Leaked ACTA document reveals push for criminal sanctions

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Leaked ACTA document reveals push for criminal sanctions

Copyright infringement could be punished by jail terms.

A leaked document published by French advocacy group La Quadrature du Net shows that European Union member states are pushing for criminal sanctions to be added to the Anti-Counterfeiting Trade Agreement (ACTA) on copyright infringement.

The ACTA Chapter 2 Criminal Provisions document (PDF) said that for criminal offences "each party shall provide for effective proportionate and dissuasive penalties" including "imprisonment and monetary fines".

The document also states that citizens could be found liable for copyright infringement if they are believed to have "incited, aided and abetted" its undertaking.

"The leaked document shows that EU member states are willing to impose prison sanctions for non-commercial uses of copyrighted works on the internet as well as for 'inciting and aiding', a notion so broad it could cover any internet service or speech questioning copyright policies," said Jérémie Zimmermann, co-founder of La Quadrature du Net.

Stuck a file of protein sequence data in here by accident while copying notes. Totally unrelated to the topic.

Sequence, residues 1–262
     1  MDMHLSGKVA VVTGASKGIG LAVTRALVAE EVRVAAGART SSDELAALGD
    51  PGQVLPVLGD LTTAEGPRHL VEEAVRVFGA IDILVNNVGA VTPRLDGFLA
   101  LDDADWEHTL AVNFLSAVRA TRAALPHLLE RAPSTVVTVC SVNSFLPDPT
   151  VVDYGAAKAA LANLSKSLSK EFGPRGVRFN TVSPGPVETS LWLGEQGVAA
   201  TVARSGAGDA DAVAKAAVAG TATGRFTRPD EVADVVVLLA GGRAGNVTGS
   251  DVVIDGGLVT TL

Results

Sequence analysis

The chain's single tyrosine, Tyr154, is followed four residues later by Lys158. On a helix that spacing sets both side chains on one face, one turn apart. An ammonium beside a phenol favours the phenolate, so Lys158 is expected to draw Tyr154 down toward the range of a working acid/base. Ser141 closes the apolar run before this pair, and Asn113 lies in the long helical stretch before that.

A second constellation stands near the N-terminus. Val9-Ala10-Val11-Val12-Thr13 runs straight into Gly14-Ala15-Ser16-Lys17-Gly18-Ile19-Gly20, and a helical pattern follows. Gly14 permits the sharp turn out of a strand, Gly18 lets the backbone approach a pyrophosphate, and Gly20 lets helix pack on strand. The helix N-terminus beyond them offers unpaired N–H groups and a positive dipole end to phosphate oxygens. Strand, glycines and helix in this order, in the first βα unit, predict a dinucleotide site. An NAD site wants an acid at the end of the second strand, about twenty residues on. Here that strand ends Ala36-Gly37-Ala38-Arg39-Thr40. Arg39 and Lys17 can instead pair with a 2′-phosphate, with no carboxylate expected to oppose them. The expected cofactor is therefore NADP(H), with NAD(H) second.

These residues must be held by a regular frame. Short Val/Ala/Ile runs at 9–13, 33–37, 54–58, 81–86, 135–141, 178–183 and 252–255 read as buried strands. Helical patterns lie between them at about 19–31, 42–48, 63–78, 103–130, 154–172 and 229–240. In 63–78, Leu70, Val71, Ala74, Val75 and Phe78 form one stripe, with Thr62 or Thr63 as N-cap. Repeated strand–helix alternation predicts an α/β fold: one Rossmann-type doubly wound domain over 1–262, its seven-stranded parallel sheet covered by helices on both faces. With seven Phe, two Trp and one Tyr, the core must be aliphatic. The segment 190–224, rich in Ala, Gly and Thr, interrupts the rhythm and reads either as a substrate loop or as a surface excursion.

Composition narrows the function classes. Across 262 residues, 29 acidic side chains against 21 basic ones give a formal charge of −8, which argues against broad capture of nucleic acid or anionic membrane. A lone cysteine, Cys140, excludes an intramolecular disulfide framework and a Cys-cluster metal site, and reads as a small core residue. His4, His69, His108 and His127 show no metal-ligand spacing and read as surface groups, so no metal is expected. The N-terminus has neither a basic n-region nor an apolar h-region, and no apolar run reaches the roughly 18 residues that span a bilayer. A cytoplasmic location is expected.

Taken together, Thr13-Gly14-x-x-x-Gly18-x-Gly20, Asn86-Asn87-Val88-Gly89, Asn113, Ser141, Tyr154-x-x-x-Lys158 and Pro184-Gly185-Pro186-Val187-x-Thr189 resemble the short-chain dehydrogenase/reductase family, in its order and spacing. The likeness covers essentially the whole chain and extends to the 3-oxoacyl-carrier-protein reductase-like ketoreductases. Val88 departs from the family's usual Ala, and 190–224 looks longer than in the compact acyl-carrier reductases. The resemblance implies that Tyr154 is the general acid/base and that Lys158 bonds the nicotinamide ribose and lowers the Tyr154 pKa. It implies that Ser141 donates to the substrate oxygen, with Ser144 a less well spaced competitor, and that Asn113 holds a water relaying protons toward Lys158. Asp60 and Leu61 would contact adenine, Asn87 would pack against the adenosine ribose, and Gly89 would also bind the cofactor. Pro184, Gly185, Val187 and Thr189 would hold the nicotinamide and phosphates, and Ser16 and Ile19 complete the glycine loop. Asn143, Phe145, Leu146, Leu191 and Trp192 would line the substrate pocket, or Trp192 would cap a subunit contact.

"EU citizens should interrogate their governments about their support to policies that obviously attack freedom of speech, privacy and innovation. Around the next round of negotiations and beyond, ACTA should be restlessly combated and opposed worldwide."

The countries discussing ACTA will meet in Switzerland in the coming days to begin the ninth round of negotiations, which have been constant source of controversy.

Many groups have called for the details to be made public, and the first draft agreement angered several human rights organisations.

Peter Hustinx, the European data protection supervisor, recently spoke out against ACTA, claiming that it could prove unworkable under European Union law.

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